Having established all of that, we see that the human brain of Jesus could not, of course, contain unlimited knowledge. He had willingly accepted this limitation when He accepted to become a human being. Thus He could indeed speak of not knowing the date of the End, for that information was not present in His human brain.

However, being God incarnate, one would expect Him to possess great wisdom and great power over the nature He Himself created. As God incarnate, He would, for example, have listened a lot and learned quickly as a child, more than any other human child before or since. Thus He would have become wiser than any other human being. He would have loved holiness and goodness more than anyone, and would have come to understand how nature works and how the world of the spiritual works quicker and more deeply than any other human being. Thus He would have come to know how to manipulate the spiritual world, and to do miracles more than any of the saints who also gradually acquired this holiness and entered the world of the spiritual whilst still alive on the earth.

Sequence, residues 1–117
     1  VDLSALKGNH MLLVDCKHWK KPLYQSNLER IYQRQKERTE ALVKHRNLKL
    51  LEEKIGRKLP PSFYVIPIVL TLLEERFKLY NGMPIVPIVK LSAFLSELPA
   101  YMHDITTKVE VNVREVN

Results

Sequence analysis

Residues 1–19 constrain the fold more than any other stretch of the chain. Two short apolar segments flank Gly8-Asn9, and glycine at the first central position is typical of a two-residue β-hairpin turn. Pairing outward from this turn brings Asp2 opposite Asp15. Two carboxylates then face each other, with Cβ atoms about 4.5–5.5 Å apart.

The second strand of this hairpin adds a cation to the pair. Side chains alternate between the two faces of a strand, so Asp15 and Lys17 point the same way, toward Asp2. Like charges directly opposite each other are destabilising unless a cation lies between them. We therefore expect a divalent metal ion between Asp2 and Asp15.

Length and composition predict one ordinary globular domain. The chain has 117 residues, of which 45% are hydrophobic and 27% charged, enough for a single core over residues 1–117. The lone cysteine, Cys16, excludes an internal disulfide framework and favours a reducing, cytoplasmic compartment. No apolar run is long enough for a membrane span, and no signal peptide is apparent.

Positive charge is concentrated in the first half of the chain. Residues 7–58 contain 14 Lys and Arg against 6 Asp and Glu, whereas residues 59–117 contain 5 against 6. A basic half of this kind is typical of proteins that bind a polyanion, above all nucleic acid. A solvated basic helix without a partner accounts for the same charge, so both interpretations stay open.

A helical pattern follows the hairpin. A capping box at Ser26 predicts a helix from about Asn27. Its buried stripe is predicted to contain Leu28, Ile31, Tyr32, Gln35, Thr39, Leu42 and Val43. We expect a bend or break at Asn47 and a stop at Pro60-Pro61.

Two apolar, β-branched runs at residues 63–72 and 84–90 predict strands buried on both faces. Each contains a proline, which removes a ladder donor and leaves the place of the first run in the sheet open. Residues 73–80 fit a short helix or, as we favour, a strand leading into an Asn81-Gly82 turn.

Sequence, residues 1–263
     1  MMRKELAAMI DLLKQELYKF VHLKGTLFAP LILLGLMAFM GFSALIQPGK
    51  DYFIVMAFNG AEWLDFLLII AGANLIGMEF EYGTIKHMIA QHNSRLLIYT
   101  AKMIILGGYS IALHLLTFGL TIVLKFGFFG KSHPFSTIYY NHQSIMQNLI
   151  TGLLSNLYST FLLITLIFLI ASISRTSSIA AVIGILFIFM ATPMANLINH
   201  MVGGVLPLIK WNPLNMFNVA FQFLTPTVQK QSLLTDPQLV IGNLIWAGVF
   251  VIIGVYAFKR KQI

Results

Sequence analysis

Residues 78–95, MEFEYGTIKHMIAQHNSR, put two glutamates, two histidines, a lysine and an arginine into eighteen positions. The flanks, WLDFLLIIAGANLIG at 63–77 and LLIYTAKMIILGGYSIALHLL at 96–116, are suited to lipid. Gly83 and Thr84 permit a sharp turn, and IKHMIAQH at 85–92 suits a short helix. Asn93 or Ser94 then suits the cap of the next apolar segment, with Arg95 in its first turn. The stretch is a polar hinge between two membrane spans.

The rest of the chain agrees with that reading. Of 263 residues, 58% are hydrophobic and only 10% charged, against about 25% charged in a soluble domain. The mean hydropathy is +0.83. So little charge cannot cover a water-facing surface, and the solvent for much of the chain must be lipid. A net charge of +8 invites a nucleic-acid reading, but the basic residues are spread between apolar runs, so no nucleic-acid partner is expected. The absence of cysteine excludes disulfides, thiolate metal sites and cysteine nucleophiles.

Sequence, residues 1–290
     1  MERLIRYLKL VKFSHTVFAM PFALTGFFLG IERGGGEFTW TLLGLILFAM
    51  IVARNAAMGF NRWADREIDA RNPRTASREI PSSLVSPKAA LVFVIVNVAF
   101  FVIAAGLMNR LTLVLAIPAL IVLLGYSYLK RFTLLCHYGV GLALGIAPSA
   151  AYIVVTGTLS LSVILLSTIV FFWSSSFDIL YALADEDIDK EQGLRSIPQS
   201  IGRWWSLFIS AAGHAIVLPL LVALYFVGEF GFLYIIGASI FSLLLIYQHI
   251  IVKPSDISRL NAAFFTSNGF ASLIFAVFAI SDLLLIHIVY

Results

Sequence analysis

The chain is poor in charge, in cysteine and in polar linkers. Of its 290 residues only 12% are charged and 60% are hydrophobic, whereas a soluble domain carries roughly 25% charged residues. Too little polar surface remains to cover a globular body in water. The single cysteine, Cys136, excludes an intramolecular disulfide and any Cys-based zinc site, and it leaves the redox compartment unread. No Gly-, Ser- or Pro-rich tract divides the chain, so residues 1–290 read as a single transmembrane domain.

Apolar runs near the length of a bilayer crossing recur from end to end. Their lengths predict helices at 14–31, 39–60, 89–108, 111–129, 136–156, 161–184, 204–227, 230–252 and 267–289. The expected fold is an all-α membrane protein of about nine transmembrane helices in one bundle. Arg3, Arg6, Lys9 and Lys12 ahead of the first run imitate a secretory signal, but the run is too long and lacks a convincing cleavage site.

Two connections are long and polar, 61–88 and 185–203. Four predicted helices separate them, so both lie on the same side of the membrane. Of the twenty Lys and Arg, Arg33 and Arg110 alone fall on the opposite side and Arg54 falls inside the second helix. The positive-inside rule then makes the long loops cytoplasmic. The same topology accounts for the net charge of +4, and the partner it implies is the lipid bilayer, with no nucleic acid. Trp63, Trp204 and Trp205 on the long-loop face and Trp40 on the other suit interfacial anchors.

But one characteristic He could not have brought with Him into that human life was the characteristic of infinite knowledge. Material brains just aren't built to cope with that. Thus, the knowledge of God incarnate; what God looks like when He transforms into a real, live, flesh-and-blood human; was not unlimited - and He accepted this, by His own free will, in order to share our nature and our experience fully.


Question 3 = What is the difference between the Holy Spirit and God the Father? (no paraphrase needed here).

Another very hard question for a limited human mind to comprehend. Think of this: could a cockroach hope to ever understand the thoughts tha pass through the brain of Albert Einstein, or William Shakespeare? Not only would the cockroach have no idea of language or mathematics; try explaining to a cockroach the deep philosophical and moral dilemmas faced by Hamlet or Macbeth! Well, the difference between a cockroach and Albert Einstein is nothing compared to the difference between Albert Einstein and God. So what hope have we of answering such a question?